All, I looked around on the web and I think temp1 may be the temperature at the base of the CPU die and acpitz-virtual-0 stands for acpi temperature zone virtual device 0 or something similar. I think people may be correct that the temp1s I am getting are normal for this laptop. It definitely seems to be running cooler since I took it apart, oiled the fan, cleaned out the dust and added new thermal paste to the heat sink. I've been watching my temp1. With the CPU in "idle" temp1 varies between about 51C and 55C. When temp1 gets up to about 54 or 55C, the fan comes on briefly for about 108 seconds. Then temp1 drops down to 51C, the fan shuts off for about 24 seconds, the temp slowly goes up to 54 or 55 C and the cycle repeats. It does this in both Windows XP and in Ubuntu. Using Speedfan 4.49 in Windows XP, when I first turn on the PC, temp1 is about 40C and rated OK. After some time temp1 slowly starts to rise. Temp1s of 41C to 49C are rated with a red arrow pointing upward. Temp1s 50 up to 55 are rated with a little red flame beside it. Since this Speedfan rates these temps high with a flame, I am somewhat concerned. Perhaps temp1 is still too high. Regarding the meaning of temp1, temp1 seems to be associated with "sys/class/thermal/thermal_zone0" in the app “Temperature Monitor” in Ubuntu and in Ubuntu in the app “lm-sensors” I get this output: acpitz-virtual-0 Adapter: Virtual device temp1: +51.0°C (crit = +110.0°C) Any more comments will be welcomed, but I am probably OK now. Thanks Dave, Ape, DeadFlwr, and J R.
    Last edited by RMcGinnis; August 22nd, 2014 at 05:04 AM.

  8. #28
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    Re: What does temp1 in lm-sensors mean?

    You can research what your processor maximum temperature is rated to. Most are rated to 110C so if you were running 77C and the BIOS has a safety shutdown temperature at 90C then you could hit that quickly. 55C is high for most processors, but an older, 90 nm process, 90-watt Total Dissipated Power (TDP) processor it is probably normal. I had an audio server running Xeon's at 75C and it only lasted 3 years (24/7), so higher temperatures mean shorter life. The replacement server runs at 64C--obvious design changes. The closer you run to the maximum rated temperature, the shorter the expected life of the processor. Normally the motherboard fails (delaminates) under the CPU at higher temperatures and fails before the CPU.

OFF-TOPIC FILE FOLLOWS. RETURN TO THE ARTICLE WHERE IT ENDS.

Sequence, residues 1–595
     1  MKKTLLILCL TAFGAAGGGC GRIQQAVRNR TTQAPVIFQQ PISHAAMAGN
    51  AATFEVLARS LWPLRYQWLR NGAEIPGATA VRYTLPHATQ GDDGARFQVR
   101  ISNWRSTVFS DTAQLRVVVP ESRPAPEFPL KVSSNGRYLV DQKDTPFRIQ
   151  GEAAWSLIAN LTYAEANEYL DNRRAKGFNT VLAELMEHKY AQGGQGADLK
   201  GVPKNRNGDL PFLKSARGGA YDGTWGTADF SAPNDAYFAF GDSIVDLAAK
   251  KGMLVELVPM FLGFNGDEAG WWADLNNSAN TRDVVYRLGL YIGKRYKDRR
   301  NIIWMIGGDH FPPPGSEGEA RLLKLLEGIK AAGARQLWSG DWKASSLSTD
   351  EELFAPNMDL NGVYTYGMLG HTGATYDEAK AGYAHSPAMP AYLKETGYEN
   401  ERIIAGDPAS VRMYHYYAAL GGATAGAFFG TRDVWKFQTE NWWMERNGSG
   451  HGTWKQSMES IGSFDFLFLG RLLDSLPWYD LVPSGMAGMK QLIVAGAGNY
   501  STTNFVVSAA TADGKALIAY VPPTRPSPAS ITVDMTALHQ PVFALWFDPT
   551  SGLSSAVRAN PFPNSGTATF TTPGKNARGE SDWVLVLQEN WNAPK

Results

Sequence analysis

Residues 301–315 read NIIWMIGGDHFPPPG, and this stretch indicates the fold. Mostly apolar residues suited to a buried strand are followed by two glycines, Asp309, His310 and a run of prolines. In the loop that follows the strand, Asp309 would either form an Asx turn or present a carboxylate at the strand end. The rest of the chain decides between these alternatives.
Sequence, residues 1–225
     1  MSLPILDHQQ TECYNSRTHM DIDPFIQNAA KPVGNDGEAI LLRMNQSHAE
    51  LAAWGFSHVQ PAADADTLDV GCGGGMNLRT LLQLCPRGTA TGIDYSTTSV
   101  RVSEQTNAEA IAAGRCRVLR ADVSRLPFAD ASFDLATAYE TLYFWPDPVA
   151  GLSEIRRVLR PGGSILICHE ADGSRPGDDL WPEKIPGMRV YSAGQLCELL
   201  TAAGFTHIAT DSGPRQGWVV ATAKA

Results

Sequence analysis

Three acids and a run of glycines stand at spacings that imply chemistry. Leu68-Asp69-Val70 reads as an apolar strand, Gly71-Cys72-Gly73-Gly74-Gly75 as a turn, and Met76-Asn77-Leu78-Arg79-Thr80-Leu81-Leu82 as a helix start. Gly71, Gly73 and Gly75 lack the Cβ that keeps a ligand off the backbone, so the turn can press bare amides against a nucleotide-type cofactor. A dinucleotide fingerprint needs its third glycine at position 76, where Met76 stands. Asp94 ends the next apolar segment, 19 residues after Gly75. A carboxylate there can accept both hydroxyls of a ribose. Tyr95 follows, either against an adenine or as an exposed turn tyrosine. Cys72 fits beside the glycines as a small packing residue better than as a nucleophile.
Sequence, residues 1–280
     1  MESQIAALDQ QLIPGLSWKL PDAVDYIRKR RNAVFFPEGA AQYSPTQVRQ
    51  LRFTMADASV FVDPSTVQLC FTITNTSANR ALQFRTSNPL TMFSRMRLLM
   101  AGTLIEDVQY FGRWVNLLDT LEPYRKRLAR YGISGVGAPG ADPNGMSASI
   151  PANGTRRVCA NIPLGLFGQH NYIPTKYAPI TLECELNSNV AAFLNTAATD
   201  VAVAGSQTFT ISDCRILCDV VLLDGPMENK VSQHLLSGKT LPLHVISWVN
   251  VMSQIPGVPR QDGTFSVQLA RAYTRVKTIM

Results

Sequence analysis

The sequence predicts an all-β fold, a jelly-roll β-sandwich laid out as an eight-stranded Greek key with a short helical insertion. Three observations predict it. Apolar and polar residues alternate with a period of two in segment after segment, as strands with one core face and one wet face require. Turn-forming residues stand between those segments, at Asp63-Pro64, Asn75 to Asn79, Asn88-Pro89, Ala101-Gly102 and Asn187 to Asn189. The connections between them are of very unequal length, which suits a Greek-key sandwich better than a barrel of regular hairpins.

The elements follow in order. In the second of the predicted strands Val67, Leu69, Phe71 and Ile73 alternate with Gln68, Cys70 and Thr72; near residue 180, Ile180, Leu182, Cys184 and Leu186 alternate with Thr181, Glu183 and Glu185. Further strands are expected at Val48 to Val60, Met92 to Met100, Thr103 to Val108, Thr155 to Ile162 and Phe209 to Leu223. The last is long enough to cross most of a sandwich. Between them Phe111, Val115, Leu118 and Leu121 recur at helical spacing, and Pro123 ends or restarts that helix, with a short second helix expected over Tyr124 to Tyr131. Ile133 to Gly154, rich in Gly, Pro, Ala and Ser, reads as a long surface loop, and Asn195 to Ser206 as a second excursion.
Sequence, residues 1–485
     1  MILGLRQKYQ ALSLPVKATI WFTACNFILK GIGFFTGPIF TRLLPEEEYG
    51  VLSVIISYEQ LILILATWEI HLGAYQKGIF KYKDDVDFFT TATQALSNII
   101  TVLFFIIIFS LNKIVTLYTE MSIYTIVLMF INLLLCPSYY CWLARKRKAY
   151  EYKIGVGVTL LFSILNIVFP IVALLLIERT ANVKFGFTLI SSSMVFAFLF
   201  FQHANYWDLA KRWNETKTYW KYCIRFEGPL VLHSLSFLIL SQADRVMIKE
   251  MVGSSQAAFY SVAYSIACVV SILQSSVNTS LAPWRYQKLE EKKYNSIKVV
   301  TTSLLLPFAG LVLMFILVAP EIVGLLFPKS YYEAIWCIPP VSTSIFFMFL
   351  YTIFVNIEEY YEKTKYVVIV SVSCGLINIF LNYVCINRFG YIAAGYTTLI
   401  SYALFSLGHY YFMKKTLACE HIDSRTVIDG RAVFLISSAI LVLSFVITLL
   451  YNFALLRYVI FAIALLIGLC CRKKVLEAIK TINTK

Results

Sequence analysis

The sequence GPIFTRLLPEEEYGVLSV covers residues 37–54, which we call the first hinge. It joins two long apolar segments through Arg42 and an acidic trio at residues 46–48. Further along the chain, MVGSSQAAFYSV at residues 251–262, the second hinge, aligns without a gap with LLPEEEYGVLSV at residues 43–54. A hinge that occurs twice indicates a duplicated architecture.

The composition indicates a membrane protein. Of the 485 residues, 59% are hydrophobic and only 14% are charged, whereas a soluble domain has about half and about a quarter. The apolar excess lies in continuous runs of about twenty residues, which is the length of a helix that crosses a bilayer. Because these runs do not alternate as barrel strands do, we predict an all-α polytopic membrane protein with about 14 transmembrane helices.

Since most laptops are designed for 3-4 years, you have gotten double the life expectancy. By cleaning and reseating, you can go another 8 years!
    Last edited by tgalati4; August 23rd, 2014 at 03:08 PM.
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  9. #29
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    Re: What does temp1 in lm-sensors mean?

    Quote Originally Posted by RMcGinnis View Post
    Dave, I'm not sure how to ask to merge the two threads. In my mind they are related, but kind of different. It would be fine with me to merge them. R.
    In the lower left of each message I see a "Report post" button. You can press that and send a message to the forum moderators; in that message you can ask them to merge the two threads.

    I'm participating in a couple of other threads dealing with this same sensor since on one of my machines it seems to be frozen at 40 degrees C no matter what the CPU is doing, and was told that for AMD chips the sensor module never reports accurately so it's advisable to add or subtract an offset to get closer to the actual temperature. It's quite possible that your Windows program and lm-sensors are doing this and using different offsets! Personally, I'd trust speedfan more than lm-sensors, if dual-booting, since it seems to be much better maintained... However I wouldn't run Windows just to be able to use speedfan!
    Last edited by JKyleOKC; August 22nd, 2014 at 07:33 PM. Reason: additional info
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  10. #30
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    Re: What does temp1 in lm-sensors mean?

    Thanks tgalati4, The specs for my CPU are at http://ark.intel.com/products/27146/...Hz-400-MHz-FSB. Max TDP is 21 Watts and lithography is 90 nm. So maybe it is OK, but the Max TDP is significantly higher than 90 Watts. Interestingly, there is a review of thermal pastes at this link http://skinneelabs.com/2011-thermal-...-comparison/2/ . The paste I used, Arctic Silver Ceramique2, is not that highly rated, so it might be worth trying to lower the temps with another kind of paste. I suppose modifying the heatsink in some truly knowledgeable way might be an option too. I've raised the bottom of the laptop up on bottle caps, that may be helping some too. Any other comments from you tgalati4 or anybody else would be welcomed. Thanks, R.